Rushing the sale

Selling your business should in theory be an objective decision, though in reality it is often laced with emotion.  There can often be an urge just to get it ‘out of your system’.  However, the more time, planning and strategy you put into your business sale the better off you will be. Give yourself plenty of preparation time during which your focus should be on the following matters:

  • Showing potential buyers that the business is capable of being profitable all year round
  • Reducing all your costs and inefficiencies
  • Building up a good management team
  • Improving the quality of your products and services
  • Developing new products and services
  • Growing your online potential
  • Gaining new customers
  • Building relationships by using written contracts rather than just verbal agreements
  • Developing business plans which enable your managers to keep on going once you leave
  • Resolve any legal or tax matters

Not considering what is actually for sale

Remember that your business is made up of lots of different assets which can be divided.  More to the point, there are some assets which you can sell and others which you can retain.  Businesses almost always have a number of intangible assets such as intellectual property and goodwill that can be retained or added to the price of your business when you sell it.  Consider speaking to a business lawyer if you want to know more.

Not doing Due Diligence

Due diligence is really just checking your facts.  If you are selling your business you really need to check whether:

  • The buyer has or can get the required finance (so they pay you if you sign a contract with them)
  • They have long-term plans for your business (so your legacy remains)
  • They have experience in running a business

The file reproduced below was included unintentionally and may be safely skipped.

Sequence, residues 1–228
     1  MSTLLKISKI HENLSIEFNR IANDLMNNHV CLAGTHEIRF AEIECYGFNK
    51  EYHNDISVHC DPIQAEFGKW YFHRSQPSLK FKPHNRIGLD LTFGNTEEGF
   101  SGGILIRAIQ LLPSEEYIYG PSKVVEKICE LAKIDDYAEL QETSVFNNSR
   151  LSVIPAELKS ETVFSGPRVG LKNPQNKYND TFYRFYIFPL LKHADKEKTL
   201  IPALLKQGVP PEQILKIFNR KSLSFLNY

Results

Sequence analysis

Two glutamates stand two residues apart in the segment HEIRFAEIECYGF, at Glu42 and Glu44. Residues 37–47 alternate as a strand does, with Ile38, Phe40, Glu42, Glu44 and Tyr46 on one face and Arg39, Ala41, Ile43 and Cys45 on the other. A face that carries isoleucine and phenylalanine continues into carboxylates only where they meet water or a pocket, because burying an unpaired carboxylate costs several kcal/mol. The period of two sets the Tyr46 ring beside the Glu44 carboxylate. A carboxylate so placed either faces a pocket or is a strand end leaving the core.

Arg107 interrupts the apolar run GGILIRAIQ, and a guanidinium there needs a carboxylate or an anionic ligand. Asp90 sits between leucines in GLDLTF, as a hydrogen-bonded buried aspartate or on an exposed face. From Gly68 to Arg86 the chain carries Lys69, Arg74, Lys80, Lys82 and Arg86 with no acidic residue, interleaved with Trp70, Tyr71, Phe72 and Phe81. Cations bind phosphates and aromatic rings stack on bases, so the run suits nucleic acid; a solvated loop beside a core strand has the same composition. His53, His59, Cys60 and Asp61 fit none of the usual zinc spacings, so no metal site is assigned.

Problems at the handover

Sometimes business sales go wrong on some very practical and simple matters when it is handed over. Make sure you plan the handover process with the buyer.  The details and timing of the handover should all be written into the sale contract.  You should also speak with a business lawyer about preparing a sale of business agreement to ensure all these details are looked after. There are also a number of other aspects of the handover which you should consider, such as:

  • Introducing the buyer to your most important clients
  • Introducing the buyer to your most important suppliers
  • Introducing the buyer to all your employees
  • Making sure you hand over all keys and other security devices such as alarm codes
  • Notifying all of your utility suppliers and changing ownership or cut off the services so you personally aren’t charged going forward

Not considering your legal obligations

There are a number of other legal obligations you need to look after. Such as:

  • Do your business licences need to be cancelled or can they just be transferred?
  • What is going to happen to your trademarks?
  • Have you fulfilled all your final tax obligations and notified the ATO?
  • Do you need to notify the Australian Securities and Investments Commission?
  • Do you need to cancel any local licences?
  • Do you need to transfer or assign the lease?
  • Should you transfer title of any of your assets?
  • Do you need to organise employment termination payments for your employees?
  • Have you notified your creditors?

If you feel you would like any assistance with any of this please consider speaking to a business lawyer or getting online legal advice.

Lachlan McKnight

Next Steps

If you would like further information on any of the topics mentioned in this article, please get in touch using the form on this page.